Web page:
ACLU-NJ Welcomes Immigration Relief, if not Reform

Welcome Relief for Immigrant Families, but Comprehensive Reform Still Required

NEWARK -- President Obama's historic announcement on immigration will keep together tens of thousands of families in New Jersey and provide substantial relief to undocumented immigrants who face a constant threat of deportation.

“The ACLU of New Jersey strongly supports the President’s actions on immigration reform. Our broken immigration system, which has festered for decades and created a nation where millions live in the shadows, has led to a civil and human rights crisis. Thanks to President Obama, potentially hundreds of thousands of New Jersey residents will be able to put the fear of deportation behind them, for now,” ACLU-NJ Executive Director Udi Ofer said. “However, the President's actions are not a substitute for the comprehensive immigration reform that our country has needed for so long.”

Along with the President's statement last night, a series of memoranda detailed the exact policy changes outlined in the remarks. Some of these changes, especially to Immigration and Customs Enforcement (ICE) policies, will directly affect the relationship between state and local law enforcement in New Jersey.

While the embattled Secure Communities Program, which fueled the rise of thousands of immigration detainer requests by ICE to state and local jails, will be dismantled, it will be replaced by the Priorities Enforcement Program (PEP). The onerous requirement that local jails share all fingerprints of arrestees with ICE will continue under the new program, but rather than asking local jails to detain those suspected of civil immigration offenses, ICE is now asking local jails to notify them upon release of such a person. The new program continues the use of detainer requests in unspecified “special circumstances.”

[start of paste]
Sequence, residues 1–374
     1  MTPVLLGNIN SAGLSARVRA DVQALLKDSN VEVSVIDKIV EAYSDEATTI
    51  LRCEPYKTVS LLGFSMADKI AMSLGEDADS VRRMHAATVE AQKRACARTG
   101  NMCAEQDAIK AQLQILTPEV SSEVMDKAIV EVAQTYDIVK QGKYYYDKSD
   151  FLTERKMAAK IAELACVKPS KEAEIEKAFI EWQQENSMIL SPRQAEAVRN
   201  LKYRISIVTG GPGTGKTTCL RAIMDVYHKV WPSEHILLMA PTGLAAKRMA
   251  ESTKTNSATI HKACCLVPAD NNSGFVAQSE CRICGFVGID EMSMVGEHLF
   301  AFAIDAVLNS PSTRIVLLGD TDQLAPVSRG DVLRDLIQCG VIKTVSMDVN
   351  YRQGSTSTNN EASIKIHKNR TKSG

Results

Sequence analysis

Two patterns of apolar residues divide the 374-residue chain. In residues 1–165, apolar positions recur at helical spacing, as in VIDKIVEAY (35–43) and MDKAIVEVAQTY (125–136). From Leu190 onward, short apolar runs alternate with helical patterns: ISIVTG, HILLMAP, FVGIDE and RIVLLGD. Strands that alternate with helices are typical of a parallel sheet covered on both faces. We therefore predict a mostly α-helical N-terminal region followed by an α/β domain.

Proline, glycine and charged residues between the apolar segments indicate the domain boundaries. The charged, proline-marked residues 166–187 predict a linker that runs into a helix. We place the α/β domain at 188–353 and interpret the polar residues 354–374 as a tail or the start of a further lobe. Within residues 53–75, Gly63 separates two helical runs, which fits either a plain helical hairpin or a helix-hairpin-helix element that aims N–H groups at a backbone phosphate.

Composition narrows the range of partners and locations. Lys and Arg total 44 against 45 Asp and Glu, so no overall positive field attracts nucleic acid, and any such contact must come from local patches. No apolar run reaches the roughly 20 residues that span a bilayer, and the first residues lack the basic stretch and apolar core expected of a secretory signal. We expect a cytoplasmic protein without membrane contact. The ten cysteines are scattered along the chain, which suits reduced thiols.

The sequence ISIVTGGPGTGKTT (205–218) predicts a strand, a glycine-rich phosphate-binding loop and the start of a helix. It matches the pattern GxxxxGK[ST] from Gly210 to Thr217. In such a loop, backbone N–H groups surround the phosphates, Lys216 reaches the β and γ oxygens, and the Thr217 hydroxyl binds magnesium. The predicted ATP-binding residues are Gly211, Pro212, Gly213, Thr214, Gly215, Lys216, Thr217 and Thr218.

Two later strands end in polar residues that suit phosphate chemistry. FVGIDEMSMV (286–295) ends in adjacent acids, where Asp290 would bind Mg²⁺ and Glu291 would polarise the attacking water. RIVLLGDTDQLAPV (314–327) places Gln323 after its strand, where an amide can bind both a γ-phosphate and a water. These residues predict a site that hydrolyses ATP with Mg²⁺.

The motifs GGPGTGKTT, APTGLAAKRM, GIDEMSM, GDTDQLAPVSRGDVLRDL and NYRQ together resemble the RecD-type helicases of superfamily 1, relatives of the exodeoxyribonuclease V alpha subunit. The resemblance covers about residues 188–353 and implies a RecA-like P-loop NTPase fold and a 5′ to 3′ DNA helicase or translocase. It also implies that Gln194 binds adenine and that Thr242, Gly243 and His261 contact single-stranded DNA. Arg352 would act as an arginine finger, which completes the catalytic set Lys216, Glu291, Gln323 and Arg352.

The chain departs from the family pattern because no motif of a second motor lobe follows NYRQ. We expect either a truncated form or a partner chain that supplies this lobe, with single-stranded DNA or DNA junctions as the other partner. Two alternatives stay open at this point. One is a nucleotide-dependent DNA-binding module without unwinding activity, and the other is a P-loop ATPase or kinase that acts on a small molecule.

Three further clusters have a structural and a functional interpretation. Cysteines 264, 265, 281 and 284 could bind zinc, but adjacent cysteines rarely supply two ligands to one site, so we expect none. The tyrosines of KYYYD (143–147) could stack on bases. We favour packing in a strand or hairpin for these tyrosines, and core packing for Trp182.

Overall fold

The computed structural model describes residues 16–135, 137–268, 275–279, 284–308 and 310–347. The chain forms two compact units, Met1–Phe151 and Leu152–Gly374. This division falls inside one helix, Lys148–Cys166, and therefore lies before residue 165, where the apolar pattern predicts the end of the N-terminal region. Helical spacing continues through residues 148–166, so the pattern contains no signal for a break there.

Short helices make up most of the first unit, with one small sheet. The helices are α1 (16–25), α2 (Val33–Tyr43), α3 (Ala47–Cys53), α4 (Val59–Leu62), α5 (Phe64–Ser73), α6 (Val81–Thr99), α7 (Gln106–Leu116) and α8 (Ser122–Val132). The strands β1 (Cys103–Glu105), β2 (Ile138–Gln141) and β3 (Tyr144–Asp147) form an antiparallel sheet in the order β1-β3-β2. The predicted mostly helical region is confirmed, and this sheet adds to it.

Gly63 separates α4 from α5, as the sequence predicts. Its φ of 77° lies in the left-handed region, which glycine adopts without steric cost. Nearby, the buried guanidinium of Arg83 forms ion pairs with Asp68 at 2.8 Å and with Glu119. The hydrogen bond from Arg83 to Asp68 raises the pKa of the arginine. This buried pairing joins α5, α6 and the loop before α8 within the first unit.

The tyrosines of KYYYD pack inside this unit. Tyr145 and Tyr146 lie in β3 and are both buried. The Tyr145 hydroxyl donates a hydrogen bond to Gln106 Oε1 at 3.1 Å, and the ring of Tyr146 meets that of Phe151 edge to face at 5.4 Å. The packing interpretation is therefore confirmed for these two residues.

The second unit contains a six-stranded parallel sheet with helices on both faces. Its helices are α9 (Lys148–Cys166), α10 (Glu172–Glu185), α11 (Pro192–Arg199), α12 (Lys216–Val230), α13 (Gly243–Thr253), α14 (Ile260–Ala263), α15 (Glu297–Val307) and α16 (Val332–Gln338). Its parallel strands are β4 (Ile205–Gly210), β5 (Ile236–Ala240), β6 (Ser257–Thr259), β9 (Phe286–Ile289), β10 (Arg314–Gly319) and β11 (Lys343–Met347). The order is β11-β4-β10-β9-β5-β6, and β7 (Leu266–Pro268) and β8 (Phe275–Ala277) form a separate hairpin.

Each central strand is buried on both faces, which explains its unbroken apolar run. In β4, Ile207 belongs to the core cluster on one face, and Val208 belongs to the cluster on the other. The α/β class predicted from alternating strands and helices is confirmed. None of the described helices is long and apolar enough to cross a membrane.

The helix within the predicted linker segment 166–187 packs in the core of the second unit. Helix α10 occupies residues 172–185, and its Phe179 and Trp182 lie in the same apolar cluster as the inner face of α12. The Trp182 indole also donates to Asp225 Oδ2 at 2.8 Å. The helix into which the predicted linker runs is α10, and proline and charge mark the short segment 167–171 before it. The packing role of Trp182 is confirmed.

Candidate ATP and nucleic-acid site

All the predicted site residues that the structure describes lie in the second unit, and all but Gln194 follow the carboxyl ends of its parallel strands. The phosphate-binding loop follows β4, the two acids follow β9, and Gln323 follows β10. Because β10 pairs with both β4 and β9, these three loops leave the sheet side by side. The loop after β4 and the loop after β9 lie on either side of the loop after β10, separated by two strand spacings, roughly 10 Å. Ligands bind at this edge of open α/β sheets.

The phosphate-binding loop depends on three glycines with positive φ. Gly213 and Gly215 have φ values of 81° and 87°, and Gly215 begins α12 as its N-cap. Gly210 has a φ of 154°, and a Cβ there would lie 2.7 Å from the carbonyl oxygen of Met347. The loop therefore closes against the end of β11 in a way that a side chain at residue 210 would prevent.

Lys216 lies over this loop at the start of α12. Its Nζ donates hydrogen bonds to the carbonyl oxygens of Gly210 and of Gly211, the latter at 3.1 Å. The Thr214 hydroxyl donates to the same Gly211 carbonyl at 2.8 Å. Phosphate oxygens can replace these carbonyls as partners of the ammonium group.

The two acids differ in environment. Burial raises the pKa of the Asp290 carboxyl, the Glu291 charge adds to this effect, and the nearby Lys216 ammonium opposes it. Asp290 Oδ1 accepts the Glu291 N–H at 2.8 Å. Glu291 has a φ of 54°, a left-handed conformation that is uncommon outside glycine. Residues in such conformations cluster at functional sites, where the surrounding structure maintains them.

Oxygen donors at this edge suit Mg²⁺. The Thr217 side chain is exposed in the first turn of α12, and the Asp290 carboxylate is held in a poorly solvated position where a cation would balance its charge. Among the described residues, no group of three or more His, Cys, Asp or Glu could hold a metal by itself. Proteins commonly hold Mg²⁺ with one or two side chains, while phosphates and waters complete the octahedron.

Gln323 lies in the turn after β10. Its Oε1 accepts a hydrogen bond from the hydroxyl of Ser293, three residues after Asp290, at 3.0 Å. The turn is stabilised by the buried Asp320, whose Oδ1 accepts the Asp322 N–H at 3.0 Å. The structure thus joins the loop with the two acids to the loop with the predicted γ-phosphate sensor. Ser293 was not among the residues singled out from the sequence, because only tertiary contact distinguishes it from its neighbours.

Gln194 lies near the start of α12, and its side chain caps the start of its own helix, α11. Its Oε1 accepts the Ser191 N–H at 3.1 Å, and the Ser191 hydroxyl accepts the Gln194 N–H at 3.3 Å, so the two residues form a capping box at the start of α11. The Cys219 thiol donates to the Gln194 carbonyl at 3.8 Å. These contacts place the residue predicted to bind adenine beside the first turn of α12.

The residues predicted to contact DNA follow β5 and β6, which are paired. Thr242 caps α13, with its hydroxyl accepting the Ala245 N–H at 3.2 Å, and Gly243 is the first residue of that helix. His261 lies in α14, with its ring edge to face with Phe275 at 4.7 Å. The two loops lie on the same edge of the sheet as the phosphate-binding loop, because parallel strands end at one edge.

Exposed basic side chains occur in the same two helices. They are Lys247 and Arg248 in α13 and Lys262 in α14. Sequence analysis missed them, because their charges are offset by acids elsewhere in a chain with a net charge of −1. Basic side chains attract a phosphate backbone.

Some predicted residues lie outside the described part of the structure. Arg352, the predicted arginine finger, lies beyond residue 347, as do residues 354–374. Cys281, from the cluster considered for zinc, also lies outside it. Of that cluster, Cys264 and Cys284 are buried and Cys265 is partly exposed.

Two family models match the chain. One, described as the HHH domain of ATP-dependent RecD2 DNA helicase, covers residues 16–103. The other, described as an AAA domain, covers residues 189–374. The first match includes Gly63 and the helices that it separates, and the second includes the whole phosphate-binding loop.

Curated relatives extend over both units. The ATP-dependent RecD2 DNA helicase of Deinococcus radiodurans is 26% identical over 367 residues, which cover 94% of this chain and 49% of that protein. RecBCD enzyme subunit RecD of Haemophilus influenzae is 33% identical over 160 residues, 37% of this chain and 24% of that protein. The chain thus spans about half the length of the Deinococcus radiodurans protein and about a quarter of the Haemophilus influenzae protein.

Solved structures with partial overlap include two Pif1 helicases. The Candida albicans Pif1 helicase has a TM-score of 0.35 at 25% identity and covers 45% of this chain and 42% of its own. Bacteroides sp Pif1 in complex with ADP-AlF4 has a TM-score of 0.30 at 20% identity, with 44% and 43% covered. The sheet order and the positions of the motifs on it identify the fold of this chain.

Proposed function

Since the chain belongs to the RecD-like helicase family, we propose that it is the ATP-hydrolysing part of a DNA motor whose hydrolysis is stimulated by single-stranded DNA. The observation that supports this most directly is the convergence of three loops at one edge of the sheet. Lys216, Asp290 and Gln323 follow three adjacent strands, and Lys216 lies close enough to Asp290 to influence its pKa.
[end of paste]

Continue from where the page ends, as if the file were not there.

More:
"The revisions are a welcome validation of years of hard work by the ACLU, together with immigrant communities and local policymakers and law enforcement leaders, to show that ICE’s practices damaged public safety, fostered distrust between immigrant communities and police, and were a civil rights disaster,” ACLU-NJ Public Policy Director Ari Rosmarin said.

However, other details of the new ICE practices remain unclear, as does the real effect of the program revisions.

“As long as local law enforcement in New Jersey remains involved in facilitating the deportation of New Jersey families, whether honoring warrantless detainer requests or notifying ICE of inmates' release, distrust between immigrant communities and police will persist and public safety will continue to suffer,” ACLU-NJ Senior Staff Attorney Alex Shalom said.

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